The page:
The head of Royal Bank of Scotland’s embattled investment bank is in line to receive a special bonus this year of more than $6.1 million, an award that will be contentious given the government’s vow to crack down on excessive executive pay.
John Hourican, chief executive of RBS’s global banking and markets division, was awarded almost 29 million shares and options in 2009, as part of a long-term initiative to restructure the group following its disastrous tie-up with Dutch lender ABN Amro.
The disclosure that the awards will vest in April threatens to inflame the row over bankers’ bonuses and perceived reward for failure in the City, as RBS prepares to dramatically scale back its investment bank. This year’s bonus round is set to be the most contentious since the financial crisis.
RBS , which is 83 percent owned by the UK taxpayer, declined to comment on Mr Hourican’s 2009 bonus package. However, filings show that he was awarded 21,276,596 shares and a further 7,446,809 options in April 2009, subject to meeting unspecified performance targets over a three-year period.
At Friday’s closing price of 20.5 pence, Mr Hourican’s share award would be worth £4.4 million ($6.78 million) if he has met all the prescribed targets. The options, with an exercise price of 28.2 pence, are currently valueless, although the stock traded at that price in early August.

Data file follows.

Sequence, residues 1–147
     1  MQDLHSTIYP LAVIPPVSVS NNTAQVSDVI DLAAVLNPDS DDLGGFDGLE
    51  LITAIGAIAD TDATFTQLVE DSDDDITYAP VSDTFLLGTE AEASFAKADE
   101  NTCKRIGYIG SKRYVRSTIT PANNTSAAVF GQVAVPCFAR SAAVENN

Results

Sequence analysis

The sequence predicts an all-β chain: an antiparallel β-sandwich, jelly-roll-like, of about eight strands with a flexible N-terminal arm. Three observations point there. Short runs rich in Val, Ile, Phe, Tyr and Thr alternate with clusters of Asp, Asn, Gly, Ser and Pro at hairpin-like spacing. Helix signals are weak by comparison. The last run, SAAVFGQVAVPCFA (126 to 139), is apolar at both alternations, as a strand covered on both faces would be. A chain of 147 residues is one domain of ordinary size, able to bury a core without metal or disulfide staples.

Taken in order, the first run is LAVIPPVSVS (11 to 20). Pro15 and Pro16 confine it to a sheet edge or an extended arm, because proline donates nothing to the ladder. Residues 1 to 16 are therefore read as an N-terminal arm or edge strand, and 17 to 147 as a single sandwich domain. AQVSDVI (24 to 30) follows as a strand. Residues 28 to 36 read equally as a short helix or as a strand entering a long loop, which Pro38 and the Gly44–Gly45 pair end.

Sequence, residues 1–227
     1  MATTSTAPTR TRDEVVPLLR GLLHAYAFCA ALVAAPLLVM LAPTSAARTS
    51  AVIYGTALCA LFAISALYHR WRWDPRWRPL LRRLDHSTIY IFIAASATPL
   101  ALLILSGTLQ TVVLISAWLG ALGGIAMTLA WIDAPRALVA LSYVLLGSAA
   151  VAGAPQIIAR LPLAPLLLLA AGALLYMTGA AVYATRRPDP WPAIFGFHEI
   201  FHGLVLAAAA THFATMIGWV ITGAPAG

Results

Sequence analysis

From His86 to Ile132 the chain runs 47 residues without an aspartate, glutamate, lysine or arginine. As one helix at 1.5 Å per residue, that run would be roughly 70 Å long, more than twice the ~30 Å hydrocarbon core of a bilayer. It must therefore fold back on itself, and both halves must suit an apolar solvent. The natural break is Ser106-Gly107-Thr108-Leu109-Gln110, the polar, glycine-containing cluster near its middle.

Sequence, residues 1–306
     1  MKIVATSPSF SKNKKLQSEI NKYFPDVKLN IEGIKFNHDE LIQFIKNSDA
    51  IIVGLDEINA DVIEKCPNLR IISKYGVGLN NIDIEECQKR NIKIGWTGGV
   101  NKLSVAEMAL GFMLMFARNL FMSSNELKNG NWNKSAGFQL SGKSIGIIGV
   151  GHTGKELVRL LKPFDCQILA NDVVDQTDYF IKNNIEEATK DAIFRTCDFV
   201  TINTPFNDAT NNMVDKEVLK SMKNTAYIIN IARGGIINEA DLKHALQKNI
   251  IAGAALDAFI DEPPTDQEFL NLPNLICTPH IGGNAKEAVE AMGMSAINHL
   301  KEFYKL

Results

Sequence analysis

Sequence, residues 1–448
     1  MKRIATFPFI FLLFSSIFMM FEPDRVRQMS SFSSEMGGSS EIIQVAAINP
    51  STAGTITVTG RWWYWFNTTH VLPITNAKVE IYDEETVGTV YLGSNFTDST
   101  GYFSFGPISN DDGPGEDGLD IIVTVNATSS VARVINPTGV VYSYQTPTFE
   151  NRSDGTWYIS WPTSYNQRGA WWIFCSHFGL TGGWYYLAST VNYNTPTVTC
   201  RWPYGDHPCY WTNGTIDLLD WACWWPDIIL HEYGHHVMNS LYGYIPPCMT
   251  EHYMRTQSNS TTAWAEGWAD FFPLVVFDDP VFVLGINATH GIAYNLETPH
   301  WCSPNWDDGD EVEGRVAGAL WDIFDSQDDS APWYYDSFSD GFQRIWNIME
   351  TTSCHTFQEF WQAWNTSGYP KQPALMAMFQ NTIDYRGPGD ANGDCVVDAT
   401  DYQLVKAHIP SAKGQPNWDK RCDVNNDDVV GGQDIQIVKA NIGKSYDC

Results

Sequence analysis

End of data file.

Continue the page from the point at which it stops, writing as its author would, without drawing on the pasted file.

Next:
David Cameron, the prime minister, on Sunday promised to introduce legislation in this spring’s Queen’s Speech to target the “market failure” that has led to what he called “excessive growth” in executive pay.
Mr Cameron said there would be a new regime of transparency and proposed that shareholders should be given binding — rather than advisory — votes on remuneration packages, as well as having to approve dismissal packages.
While the government has repeatedly rebuffed calls to reintroduce the controversial 50 percent “supertax” on bankers’ bonuses that was put in to place by the previous Labour government, it has been made clear to senior UK bank executives that they will be expected to use profits to bolster capital, rather than pay lavish bonuses.
After three years of bruising political battles with the government over the size of its bonus pool, senior executives at RBS concede it will be much more difficult this year to persuade politicians and the public that it needs to pay competitive packages to retain senior staff, such as Mr Hourican and group chief executive Stephen Hester.
Within Mr Hourican’s global banking and markets division, as many as 10,000 jobs are at risk from a radical restructuring that will see the business nearly halved in size over the next several years, people familiar with the situation said.
Mr Hourican was awarded an all-share bonus of £2.5m ($3.85 million) last year, at the lower range of the industry.
It is still undecided what will happen to Mr Hourican once the task of shrinking the investment bank has been accomplished. One person close to him said he was being lined up for another senior job at RBS, possibly as the man who should head the task of carving out the new ring-fenced retail and small business bank from the rest of the group, as RBS moves to comply with government-backed proposals from the Independent Commission on Banking to de-risk Britain’s banks.